The report has discussed the key factors of managing financial resources and decision making. Also the importance of managing cash inflows and cash outflows for a business has been highlighted. The key factors to be considered in preparing cash budgets and the process of preparing budgets has been discussed. On the other hand the purposes of the main financial statements produced by any business and how the format of these financial statements can vary with the size of the businesses have been evaluated. Also information needs of different users of financial statements have been assessed.
Different sources of finance available for a business have been discussed by considering different debt and equity financing options. The implication of the different sources of finance is explained using different examples. In addition the impacts on financial statements due to obtaining these sources of finance are further evaluated.
L01: Be able to make financial decisions based on financial information
According to the view by Anderson (2000), a cash budget is a financial plan that summarizes all estimated receipts and payments within a specific time frame. The cash budget for Yardley wood store can be calculated as follows based on the given case study.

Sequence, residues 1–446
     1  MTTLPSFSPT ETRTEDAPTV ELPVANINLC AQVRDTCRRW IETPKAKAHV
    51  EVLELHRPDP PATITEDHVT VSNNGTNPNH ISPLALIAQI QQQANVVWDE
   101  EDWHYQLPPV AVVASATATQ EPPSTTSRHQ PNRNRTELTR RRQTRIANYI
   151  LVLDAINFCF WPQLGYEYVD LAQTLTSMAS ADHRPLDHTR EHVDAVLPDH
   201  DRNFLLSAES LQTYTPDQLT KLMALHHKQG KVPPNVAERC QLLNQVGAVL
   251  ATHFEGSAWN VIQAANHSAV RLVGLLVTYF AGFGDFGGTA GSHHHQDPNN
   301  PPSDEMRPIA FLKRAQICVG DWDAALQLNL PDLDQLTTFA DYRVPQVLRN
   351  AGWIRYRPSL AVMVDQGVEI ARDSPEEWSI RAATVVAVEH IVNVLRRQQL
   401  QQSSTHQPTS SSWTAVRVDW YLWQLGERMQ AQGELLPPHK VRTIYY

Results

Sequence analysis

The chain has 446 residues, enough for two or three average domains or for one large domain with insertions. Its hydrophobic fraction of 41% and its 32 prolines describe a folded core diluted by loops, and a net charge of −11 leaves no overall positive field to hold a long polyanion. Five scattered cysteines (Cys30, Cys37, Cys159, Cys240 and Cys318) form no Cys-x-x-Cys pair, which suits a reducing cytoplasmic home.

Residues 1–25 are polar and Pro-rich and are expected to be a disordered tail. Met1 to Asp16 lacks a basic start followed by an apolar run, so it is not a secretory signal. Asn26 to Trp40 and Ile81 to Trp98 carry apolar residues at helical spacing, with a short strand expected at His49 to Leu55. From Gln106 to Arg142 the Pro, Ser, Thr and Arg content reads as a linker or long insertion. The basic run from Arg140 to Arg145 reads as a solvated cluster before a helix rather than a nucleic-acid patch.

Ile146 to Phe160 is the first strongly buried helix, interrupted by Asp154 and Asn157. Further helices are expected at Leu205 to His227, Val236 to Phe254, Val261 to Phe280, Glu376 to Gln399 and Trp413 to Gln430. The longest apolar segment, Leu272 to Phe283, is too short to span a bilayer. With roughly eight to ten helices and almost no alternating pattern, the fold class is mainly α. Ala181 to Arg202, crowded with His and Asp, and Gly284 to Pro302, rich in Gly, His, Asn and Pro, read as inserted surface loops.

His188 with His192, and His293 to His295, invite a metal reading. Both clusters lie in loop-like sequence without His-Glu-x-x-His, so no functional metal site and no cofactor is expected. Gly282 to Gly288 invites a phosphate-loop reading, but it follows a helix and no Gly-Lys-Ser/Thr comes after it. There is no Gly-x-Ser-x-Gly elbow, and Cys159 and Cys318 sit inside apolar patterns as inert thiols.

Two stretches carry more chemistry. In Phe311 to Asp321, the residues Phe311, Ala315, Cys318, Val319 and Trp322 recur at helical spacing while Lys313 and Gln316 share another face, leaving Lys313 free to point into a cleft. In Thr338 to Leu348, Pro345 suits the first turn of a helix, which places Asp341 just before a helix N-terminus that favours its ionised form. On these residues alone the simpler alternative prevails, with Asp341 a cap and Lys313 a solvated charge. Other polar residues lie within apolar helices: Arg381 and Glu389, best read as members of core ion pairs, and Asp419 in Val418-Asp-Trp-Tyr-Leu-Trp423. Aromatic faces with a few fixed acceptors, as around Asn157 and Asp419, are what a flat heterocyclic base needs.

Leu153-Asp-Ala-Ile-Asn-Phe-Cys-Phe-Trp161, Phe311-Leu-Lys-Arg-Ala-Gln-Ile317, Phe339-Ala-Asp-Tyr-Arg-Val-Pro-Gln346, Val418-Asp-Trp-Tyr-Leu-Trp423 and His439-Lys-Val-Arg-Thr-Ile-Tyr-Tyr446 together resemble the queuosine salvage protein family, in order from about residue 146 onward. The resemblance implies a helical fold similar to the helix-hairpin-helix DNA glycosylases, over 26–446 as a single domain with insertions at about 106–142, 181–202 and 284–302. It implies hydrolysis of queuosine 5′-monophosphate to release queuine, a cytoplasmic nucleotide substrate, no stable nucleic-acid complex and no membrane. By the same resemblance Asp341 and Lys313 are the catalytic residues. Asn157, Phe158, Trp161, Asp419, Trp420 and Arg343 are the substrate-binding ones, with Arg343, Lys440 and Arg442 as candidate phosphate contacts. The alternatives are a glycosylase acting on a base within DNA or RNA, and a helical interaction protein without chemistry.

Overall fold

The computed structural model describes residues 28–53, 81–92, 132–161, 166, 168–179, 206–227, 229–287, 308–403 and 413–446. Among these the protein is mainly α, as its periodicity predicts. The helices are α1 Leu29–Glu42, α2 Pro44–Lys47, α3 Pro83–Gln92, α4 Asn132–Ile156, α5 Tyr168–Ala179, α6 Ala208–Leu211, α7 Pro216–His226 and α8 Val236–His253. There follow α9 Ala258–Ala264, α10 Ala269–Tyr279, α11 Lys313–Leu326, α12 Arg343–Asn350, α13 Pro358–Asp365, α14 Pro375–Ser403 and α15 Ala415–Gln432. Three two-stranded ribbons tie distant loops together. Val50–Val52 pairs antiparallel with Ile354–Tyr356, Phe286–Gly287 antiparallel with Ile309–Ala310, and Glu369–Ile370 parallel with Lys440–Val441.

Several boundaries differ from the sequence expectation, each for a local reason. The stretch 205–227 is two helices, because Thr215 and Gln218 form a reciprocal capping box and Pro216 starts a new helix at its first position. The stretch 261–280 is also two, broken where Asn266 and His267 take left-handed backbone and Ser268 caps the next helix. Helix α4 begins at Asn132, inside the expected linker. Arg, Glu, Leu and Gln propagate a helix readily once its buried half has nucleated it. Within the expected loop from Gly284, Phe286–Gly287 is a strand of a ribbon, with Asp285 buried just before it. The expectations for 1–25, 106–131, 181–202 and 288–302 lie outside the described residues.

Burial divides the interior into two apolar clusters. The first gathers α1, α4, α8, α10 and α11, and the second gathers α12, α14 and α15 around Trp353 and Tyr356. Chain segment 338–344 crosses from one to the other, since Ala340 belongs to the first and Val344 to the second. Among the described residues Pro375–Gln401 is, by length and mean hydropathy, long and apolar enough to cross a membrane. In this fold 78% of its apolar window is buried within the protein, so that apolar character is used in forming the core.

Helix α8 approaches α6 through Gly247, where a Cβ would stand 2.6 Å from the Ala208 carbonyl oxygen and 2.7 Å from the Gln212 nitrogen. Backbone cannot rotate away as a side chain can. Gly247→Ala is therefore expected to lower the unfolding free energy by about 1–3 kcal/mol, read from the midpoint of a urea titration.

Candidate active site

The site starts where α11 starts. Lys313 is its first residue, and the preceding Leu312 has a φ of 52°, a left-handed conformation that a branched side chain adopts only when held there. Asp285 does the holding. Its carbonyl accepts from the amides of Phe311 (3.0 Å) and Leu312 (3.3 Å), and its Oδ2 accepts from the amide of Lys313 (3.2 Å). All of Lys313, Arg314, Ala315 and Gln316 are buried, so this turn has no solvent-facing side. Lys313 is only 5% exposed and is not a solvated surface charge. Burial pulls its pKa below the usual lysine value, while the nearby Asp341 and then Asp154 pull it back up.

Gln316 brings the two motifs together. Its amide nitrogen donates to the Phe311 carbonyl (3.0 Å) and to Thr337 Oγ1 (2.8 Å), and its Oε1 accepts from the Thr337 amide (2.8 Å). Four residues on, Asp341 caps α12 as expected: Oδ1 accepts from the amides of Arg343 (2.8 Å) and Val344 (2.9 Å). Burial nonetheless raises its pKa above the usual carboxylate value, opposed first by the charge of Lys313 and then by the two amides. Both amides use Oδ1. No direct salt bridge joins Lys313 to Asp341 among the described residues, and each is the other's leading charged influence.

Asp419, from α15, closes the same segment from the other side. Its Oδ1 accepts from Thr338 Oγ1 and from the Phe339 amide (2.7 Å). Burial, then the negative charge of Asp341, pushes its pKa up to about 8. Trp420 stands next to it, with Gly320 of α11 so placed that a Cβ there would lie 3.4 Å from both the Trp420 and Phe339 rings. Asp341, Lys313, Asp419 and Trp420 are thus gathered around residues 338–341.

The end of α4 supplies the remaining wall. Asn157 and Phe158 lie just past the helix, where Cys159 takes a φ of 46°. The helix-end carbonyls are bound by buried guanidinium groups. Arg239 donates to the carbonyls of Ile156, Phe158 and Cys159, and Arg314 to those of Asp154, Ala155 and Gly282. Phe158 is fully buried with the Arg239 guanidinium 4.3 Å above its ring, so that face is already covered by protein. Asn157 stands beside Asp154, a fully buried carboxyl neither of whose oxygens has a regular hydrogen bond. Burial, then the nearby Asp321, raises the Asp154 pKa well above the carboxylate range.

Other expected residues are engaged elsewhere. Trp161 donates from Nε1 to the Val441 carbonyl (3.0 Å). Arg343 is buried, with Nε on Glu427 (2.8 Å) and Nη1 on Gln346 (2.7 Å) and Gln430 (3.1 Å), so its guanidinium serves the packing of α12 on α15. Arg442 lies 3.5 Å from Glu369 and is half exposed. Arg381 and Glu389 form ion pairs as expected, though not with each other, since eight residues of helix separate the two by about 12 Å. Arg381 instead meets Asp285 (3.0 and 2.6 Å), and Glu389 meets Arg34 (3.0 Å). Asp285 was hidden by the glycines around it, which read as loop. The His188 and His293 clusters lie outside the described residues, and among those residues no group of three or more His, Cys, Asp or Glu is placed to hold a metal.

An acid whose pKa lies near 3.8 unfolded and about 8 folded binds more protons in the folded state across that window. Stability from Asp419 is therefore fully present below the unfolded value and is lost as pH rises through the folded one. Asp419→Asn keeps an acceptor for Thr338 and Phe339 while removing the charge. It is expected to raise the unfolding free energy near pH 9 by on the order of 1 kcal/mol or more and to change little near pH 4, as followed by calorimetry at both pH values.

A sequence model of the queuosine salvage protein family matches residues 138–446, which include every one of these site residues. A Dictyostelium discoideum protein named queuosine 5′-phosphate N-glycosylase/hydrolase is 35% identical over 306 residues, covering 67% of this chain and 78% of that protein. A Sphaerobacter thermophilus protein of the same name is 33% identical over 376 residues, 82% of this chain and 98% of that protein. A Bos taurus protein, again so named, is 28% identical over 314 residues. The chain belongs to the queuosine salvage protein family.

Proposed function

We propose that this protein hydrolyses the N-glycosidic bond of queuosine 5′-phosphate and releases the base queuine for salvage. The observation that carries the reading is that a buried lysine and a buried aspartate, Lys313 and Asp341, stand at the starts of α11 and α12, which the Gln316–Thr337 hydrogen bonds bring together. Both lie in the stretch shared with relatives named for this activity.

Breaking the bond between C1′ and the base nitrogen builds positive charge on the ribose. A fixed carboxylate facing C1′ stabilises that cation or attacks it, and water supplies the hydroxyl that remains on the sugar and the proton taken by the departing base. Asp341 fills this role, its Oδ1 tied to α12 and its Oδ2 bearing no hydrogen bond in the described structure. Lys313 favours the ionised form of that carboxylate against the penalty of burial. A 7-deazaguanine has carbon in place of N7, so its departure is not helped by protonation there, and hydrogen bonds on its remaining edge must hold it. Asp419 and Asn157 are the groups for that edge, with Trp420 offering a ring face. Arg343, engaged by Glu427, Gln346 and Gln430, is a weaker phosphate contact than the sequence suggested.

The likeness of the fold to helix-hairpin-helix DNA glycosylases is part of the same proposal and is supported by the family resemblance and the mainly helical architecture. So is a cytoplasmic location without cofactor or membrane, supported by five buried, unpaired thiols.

|Plant & machinery cost||(780,000)|
|Additional equip cost||(350,000)||(160,000)||(105,000)||(105,000)|
|Net cash flows||(1,135,000)||(227,000)||328,000||328,000||573,000||573,000|
|opening cash balance||(1,135,000)||(1,362,000)||(1,034,000)||(706,000)||(133,000)|
|Closing cash balance||(1,135,000)||(1,362,000)||(1,034,000)||(706,000)||(133,000)||440,000|
When considering the amount of finance required in first six months of the operation, it is clear that at the beginning of the first few months there will be a serious requirement of cash requirement. As for an example in the 2nd month there is a cash requirement of 1,362,000 and then there after the cash position is turning a positive cash balance at the end of the 6 months. Therefore after 6 months the cash position would become positive and thus there won’t be any additional cash requirement.
According to the view by Bryson (2000, pp.l4-3-62), cash budget could be defined as an estimation of the cash inflows and outflows for a business or individual within a specific time frame. One of the main factors to be considered when preparing a cash budget is the changes in economic factors in foreseeable future. If there is any possibility of a financial crisis, then it would have a major negative effect on the cash flow predictions. Another main factor to be concerned is the sales forecasts where predictions about margins are equally important. Also generally businesses have their assumptions on various economic factors such as interest rates, exchange rates, economic growth rates, market share growth etc. where all cash flow planning would be based on those. As a result it is important to have more realistic assumptions which can be arrived using the advices given by business analysts.